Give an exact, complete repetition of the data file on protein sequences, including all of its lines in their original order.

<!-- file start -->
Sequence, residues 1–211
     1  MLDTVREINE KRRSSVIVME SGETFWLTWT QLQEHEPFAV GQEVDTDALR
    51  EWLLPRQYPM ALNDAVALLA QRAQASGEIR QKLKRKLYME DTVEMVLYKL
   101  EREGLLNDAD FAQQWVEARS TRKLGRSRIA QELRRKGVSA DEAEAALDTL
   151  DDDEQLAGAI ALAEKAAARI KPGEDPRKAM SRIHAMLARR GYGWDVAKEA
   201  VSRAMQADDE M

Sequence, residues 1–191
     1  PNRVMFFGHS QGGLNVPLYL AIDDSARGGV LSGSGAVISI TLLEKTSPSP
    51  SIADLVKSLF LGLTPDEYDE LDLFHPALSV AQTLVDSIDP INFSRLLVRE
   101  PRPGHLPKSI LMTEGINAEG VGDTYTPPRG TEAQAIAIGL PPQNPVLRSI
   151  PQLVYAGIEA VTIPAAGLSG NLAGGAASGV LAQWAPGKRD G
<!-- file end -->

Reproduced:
Sequence, residues 1–211
     1  MLDTVREINE KRRSSVIVME SGETFWLTWT QLQEHEPFAV GQEVDTDALR
    51  EWLLPRQYPM ALNDAVALLA QRAQASGEIR QKLKRKLYME DTVEMVLYKL
   101  EREGLLNDAD FAQQWVEARS TRKLGRSRIA QELRRKGVSA DEAEAALDTL
   151  DDDEQLAGAI ALAEKAAARI KPGEDPRKAM SRIHAMLARR GYGWDVAKEA
   201  VSRAMQADDE M

Sequence, residues 1–191
     1  PNRVMFFGHS QGGLNVPLYL AIDDSARGGV LSGSGAVISI TLLEKTSPSP
    51  SIADLVKSLF LGLTPDEYDE LDLFHPALSV AQTLVDSIDP INFSRLLVRE
   101  PRPGHLPKSI LMTEGINAEG VGDTYTPPRG TEAQAIAIGL PPQNPVLRSI
   151  PQLVYAGIEA VTIPAAGLSG NLAGGAASGV LAQWAPGKRD G